The whodunnit tipped to be this summer’s must-read: Debut novelist wins comparisons to Agatha Christie with gripping story about a drunken night out – and an ending that reviewers say is ‘impossible’ to predict
Caitlin Wahrer, from Maine, won comparisons to Agatha Christie with first novel
Young author is set to release gripping whodunnit The Damage later this summer
Documents drunken night out which ends in main character being hospitalised
Reviewers have said the ending is ‘head-spinning and impossible’ to guess
A debut novelist has won comparisons to Agatha Christie with her gripping whodunnit which reviewers have hailed as ‘impossible’ to predict.
Caitlin Wahrer, from Maine, is set to release her first book The Damage, which documents the fall-out from a drunken night out which ends in the main character being hospitalised, later this summer.
The plot jumps between 2015, when the attack took place, and 2019, when the terminally ill detective who took on the case opens up in a final conversation about what happened in the fallout from the attack.
Reviewers have said the book is an ‘all-consuming read’ while calling the gripping ending ‘head-spinning and impossible to guess’.
Caitlin Wahrer, from Maine, is set to release her first book The Damage, which documents the fall-out from a drunken night out which ends in the main character being hospitalised, later this summer
Caitlin’s debut novel follows Nick Hall, who is a ‘a junior in good standing at the University of Maine, Salisbury’ as he is stood up by a man on a date.
He ends up meeting an ‘uncomfortably handsome’ stranger who introduces himself as Josh instead while buying tequila shots in the bar.
The following day, Nick wakes up from a violent sexual assault, beaten bloody in an unknown motel room and unable to remember what has happened.
‘Josh’ is untraceable but forensic evidence and a photograph taken by a friend identifies him as Ray Walker, who is quickly arrested.
Because of Nick’s sexuality, the rape quickly becomes hot fodder within their small town community.
The plot documents the fall-out from the attack from the point of view of several different characters, including Nick’s older half brother, Tony, who is enraged by the assault and desperate to seek revenge.
Ray, out on bail, continues to dispute his version of what happened and insists the sexual encounter was consensual.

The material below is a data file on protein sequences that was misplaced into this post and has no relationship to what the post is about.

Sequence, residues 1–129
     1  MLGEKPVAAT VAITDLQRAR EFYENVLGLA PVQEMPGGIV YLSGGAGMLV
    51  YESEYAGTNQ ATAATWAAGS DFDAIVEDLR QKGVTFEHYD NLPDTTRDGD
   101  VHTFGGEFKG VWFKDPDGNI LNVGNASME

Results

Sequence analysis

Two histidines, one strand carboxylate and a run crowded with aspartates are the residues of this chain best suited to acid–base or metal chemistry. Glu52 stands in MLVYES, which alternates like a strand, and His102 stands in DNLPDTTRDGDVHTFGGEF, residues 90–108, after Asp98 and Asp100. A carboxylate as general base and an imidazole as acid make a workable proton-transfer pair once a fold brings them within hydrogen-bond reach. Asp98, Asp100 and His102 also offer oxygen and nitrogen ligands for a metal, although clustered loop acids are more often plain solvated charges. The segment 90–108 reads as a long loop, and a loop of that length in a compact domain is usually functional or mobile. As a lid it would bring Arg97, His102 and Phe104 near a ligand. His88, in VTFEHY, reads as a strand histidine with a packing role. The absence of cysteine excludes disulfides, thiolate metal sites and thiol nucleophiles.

The debut novelist has won comparisons to Agatha Christie with her gripping whodunnit which reviewers have hailed as ‘impossible’ to predict
Meanwhile Tony’s wife Julia, who is a defense lawyer, grows increasingly concerned about her husband’s threats, while detective John Rice works on the case.
She begins to realise ‘the naive little house cat who believed in rules and order was being toppled by the puma who knew that some days, the only law is kill or be killed.’
Eventually, Raymond disappears before the trial and questions are raised over whether Tony has anything to do with the disappearance.
Caitlin, who was born in Maine, left the state for college but returned to attend law school and practice law.
She now practices civil litigation in Portland, and lives with her husband, also a lawyer, and their son.
She has worked on cases involving some of the broad issues she writes about in The Damage.
The lawyer hit the headlines in 2017 for arguing an Augusta man convicted of sexual assault against a child that statements he made to authorities shouldn’t have been allowed at trial, because the police officer displayed ‘excessive friendliness.’
Caitlin, who was born in Maine, left the state for college but returned to attend law school and practice law
Reviewers have heaped praise on the debut novel, with the Elisabeth Egan writing in the New York Times: ‘We won’t learn the real reason for their post-mortem until the end of the book; all is revealed in a head-spinning, Agatha Christie-style wrap-up.
‘(I don’t care how good you are at predicting the outcome on ‘Law and Order.’ You won’t predict this one.)’
Meanwhile horror writer Stephen King hailed it a must read on your summer list.
He wrote: ‘The Damage pulled me in from the first page with smart narration, characters I cared about, a hold-your-breath plot, and a terrific final twist. Put this one high on your summer list.’
Meanwhile bestselling author Jeffery Deaver also praised the book, writing: ‘Damage sets the standard for psychological suspense!
‘With a consummate authorial hand, Wahrer weaves a brilliantly layered story of a horrific crime and how it forces each member of a loving family to confront the harrowing question of what kind of person they truly are.
‘The style of this novel is as elegant as the characters are breathtakingly real and the plot undeniably compelling.’